To get going with the M400, the first item I checked out was the system setup menu to see what options were available. Figure 5 shows the Setup menu.
Figure 5: uebo M400 Setup
There are a lot of options available in these menus and I won't cover them all, but I'll touch on a few significant ones. As expected, you have the ability to set up the standard network parameters, configure the menu language, format the internal drive, set a drive spin-down time, etc.
The M400 has a very nice screensaver that can be configured in the setup menu. Where most of these products just resort to bouncing around a logo (and that's the default for the M400 too), uebo gives you the ability to select a photo directory for random playback with cross-fade between photos along with a zooming Ken Burns Effect. If you're not satisfied with the look of the background image seen in the images above, you can also use the setup menus to select your own image.
These menus are also where you'll configure the wireless capabilities if you don't have Ethernet handy in your entertainment center. I found setting this straightforward as well. Figure 6 shows the result of a wireless site survey the M400 performed during setup.
Figure 6: uebo M400 Wireless Site Survey
After the M400 performed the site survey, I selected my access point, entered my password, let the box verify it and I was online. The only painful part of the process was using the remote to enter my password via an on-screen keyboard display. The M400's 802.11 b/g/n (2.4 GHz band only) radio supports WEP, WPA and WPA2 wireless security as well as Wi-Fi Protected Setup (WPS).
A few other interesting configuration items in the menus include turning on a FTP server, a Windows file server, and a UPnP A/V server so you can serve content to other devices on your network.
I played with the file-serving capabilities a bit just to move content over to the M400. It worked well enough from my Mac and a test Windows box. I could mount and copy files to both the internal drive and a USB drive I had plugged in. But you probably won't use the M400 as a full-time network file server because when you hit the power button on the remote, you'll be taking the file server down too.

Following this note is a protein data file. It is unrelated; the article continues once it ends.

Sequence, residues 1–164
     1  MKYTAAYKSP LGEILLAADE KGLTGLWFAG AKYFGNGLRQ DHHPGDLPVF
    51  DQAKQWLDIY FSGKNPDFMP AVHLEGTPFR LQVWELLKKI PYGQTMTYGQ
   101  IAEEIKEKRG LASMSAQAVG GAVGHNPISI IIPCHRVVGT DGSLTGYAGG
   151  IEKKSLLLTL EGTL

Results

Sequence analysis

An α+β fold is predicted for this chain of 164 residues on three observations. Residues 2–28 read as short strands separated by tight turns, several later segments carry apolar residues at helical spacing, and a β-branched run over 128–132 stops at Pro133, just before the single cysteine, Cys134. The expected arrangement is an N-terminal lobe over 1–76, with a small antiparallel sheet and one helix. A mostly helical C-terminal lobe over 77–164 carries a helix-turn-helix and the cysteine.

The FTP server worked as expected for moving files around, although it seemed to require having an internal drive installed and not just a USB drive. I also played a bit with the UPnP A/V server by using my Android Cell phone as a client. Figure 7 shows a screen-dump while I was streaming music from the M400 to my phone.
Figure 7: uebo M400 UPNP Client on Android Phone
This worked well enough, but much of the experience will be dependent on the capabilities of your UPnP client. My Son's PS3 was compatible with the server on the M400. It automatically found the device on the network and he was able to view movies that it was serving up.
If you're starting to get the idea that this little box has a lot of features, you're right. I haven't even left the setup menu yet!
In general, the way the M400 works is that upon startup, all available drives are scanned and cataloged for music, movie and photo files. Figure 8 shows the Music submenu after it has cataloged a handful of music files that I put on the system.
Figure 8: uebo M400 Music Menu
As you can see, recognition of album artwork (and the rest of the music info such as artists, album etc) related to songs is spotty. On my Mac where these files originated, everything shows up with artwork and metadata. As far as support for music, a wide range of file formats are advertised: MP3, OGG, WMA, WAV, AAC, and FLAC. In my case, I tested MP3 and AAC and had no playback issues. Figure 9 shows the display while music is being played.
Figure 9: uebo M400 Music Playback Menu
Of course, no files with DRM restrictions will be playable.
Figure 10: uebo M400 Photo Selection
Photo support is basic and done well with various slide-show options including time to display, transition style, and background music to play while the slideshow is in progress. Formats of JPG, BMP, GIF, TIF, PNG are supported.